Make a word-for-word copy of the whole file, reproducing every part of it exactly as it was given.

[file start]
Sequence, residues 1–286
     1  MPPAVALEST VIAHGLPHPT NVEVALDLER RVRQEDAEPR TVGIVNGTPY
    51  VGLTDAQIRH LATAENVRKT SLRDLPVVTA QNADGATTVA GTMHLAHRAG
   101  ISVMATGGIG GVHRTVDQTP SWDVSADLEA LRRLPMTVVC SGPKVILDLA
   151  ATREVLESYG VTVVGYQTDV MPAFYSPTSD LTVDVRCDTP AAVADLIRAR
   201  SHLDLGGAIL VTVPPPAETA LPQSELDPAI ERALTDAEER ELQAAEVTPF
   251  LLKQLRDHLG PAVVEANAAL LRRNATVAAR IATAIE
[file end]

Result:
Sequence, residues 1–286
     1  MPPAVALEST VIAHGLPHPT NVEVALDLER RVRQEDAEPR TVGIVNGTPY
    51  VGLTDAQIRH LATAENVRKT SLRDLPVVTA QNADGATTVA GTMHLAHRAG
   101  ISVMATGGIG GVHRTVDQTP SWDVSADLEA LRRLPMTVVC SGPKVILDLA
   151  ATREVLESYG VTVVGYQTDV MPAFYSPTSD LTVDVRCDTP AAVADLIRAR
   201  SHLDLGGAIL VTVPPPAETA LPQSELDPAI ERALTDAEER ELQAAEVTPF
   251  LLKQLRDHLG PAVVEANAAL LRRNATVAAR IATAIE